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Old Apr 5, 2011, 08:46 PM   #1
Monergist
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Can Someone Explain This Code?

I'm new to GUI programming on the Mac, and I ran across this little bit of code that absolutely helps me do what I want to do, but I'm not sure what's going on in it. Here's the code:

@interface ReadWriteController : NSObject {


IBOutlet NSTextField* pathField;
IBOutlet NSTextField* outputField;

}

So, I understand that there is an NSTextField pointer. I understand that I need an outlet to send IBActions. What I don't understand is what this specific syntax actually does. Is it specifying that the NSTextField has an IBOutlet of the same name?

Thanks!
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Old Apr 5, 2011, 09:25 PM   #2
goMac
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Same name? It's defining two IBOutlets. Both are of type NSTextField *. One is named pathField. The other is named outputField.

You also generally don't send IBActions. IBActions are sent to you.

It sounds like there is a fair bit of confusion here.
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Old Apr 5, 2011, 09:53 PM   #3
admanimal
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IBOutlet is just a macro that Xcode/Interface Builder uses to determine which variables can act as outlets.
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Old Apr 5, 2011, 09:55 PM   #4
Sydde
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"IB" stands for "Interface Builder". What this is for is to allow you to connect a NIB object to a program object so that when the program starts up, the correct outlet object will be properly connected to the controller object that needs to have access to it. For instance, if you need to change the name of a specific button, you need to have a reference (outlet pointer) to that specific button.

Apart from Interface Builder connections, "IBOutlet" is an otherwise meaningless specifier, and "IBAction" is equivalent to "void".
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Old Apr 5, 2011, 10:08 PM   #5
Monergist
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Quote:
Originally Posted by goMac View Post
Same name? It's defining two IBOutlets. Both are of type NSTextField *. One is named pathField. The other is named outputField.

You also generally don't send IBActions. IBActions are sent to you.
Thank you! That was very helpful.

Quote:
Originally Posted by goMac View Post
It sounds like there is a fair bit of confusion here.
Um, yeah. If I wasn't confused, I wouldn't have asked the question.
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Old Apr 5, 2011, 10:38 PM   #6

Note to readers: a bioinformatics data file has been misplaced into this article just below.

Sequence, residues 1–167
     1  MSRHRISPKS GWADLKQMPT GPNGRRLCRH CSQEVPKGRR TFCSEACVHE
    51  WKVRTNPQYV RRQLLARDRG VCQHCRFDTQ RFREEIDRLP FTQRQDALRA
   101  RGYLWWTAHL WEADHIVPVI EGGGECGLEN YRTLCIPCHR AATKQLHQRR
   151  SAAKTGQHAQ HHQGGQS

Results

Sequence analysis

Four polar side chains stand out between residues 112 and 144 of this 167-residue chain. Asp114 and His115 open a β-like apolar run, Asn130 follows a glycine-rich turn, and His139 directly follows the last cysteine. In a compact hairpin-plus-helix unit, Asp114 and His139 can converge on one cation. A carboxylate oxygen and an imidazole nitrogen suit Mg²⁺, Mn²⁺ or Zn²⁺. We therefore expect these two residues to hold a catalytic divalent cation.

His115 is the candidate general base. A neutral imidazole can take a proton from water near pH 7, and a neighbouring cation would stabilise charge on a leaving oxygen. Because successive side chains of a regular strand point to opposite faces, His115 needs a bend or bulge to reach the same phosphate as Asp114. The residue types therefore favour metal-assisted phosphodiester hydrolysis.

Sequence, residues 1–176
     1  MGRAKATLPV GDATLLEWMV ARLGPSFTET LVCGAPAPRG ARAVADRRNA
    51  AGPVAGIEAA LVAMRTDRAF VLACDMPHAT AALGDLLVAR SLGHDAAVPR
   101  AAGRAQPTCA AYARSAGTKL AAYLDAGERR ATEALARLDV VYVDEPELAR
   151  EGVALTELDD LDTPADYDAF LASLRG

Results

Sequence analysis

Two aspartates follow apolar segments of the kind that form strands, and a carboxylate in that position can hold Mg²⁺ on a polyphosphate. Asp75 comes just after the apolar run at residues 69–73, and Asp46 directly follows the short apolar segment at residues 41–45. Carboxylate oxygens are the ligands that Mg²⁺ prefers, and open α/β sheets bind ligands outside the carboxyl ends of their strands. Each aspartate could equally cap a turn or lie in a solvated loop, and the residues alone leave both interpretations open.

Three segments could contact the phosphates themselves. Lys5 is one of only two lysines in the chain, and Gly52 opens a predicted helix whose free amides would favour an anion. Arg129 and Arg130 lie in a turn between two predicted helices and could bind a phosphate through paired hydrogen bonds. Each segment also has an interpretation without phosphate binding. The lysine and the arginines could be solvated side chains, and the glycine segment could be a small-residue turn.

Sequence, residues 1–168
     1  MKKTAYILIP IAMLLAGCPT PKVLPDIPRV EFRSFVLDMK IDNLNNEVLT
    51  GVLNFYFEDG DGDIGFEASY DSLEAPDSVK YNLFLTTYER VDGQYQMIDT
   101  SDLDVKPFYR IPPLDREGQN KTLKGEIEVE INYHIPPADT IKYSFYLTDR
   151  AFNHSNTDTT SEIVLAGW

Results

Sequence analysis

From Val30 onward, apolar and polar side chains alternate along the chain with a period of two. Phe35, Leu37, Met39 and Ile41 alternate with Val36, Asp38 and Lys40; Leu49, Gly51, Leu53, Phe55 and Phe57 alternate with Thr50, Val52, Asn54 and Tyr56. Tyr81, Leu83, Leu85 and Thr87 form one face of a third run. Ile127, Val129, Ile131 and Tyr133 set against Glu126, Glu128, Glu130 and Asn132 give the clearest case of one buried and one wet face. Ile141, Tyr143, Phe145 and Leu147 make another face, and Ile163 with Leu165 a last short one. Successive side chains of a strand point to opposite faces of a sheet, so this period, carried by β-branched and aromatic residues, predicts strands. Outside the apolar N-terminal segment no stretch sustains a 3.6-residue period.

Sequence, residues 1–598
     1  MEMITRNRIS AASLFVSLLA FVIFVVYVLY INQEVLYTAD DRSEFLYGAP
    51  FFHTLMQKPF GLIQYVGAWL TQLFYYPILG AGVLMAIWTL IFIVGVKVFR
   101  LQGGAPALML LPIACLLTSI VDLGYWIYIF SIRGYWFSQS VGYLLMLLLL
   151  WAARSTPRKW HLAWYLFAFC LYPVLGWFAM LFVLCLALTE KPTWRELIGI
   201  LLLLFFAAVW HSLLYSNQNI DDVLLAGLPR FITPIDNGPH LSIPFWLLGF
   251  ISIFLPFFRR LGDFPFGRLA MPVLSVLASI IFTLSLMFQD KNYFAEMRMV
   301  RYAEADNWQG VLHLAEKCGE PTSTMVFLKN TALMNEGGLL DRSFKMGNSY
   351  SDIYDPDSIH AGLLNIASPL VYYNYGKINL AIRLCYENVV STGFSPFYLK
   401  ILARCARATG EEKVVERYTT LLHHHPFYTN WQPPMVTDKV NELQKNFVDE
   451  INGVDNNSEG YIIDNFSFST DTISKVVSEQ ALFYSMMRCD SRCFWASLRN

wlh99
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As you noticed and pointed out, pathField and outputField are pointers to NSTextField objects.

But where are those objects coming from? You might have also noticed that nowhere in your code do you alloc and init an NSTextField, they are magically just there, able to be used.

NIB files are files that contain objects, already created/init'ed and ready to be used. When the NIB file is loaded, so are those objects. IBOutlets tell the compiler that those pointers will be pointing to objects in a NIB file. The connections need to be made in interface builder so the compiler will know which object in the NIB file the pointer points to.

So without the IBOutlet, those pointers would point to nothing until your code created an object and assigned the pointers to point to the new object. With the IBOutlet, those pointers point to objects in the NIB file.

Also, IBActions are unrelated and not required for IBOutlets. ABActions work in the reverse. There are pointers in the objects in the NIB file. IBActions are methods that those pointers can point to. So, if an object in the NIB file needs to send a message to an object in your code, an IBAction will allow that connection to be made. The most common would be if a button is clicked, that button object (in the NIB file) sends a message to an IBAction. The pointer in the NIB file needs to point to that IBAction, and that is done by the connection in IB.

Hope that makes sense.
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Last edited by wlh99; Apr 5, 2011 at 10:45 PM.
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Old Apr 5, 2011, 10:52 PM   #7
Monergist
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Wow Warren, thanks for the comprehensive explanation. That helps a lot. Like I said, my code works, but if I don't know why then I won't be able to do it on my own or troubleshoot should problems occur.
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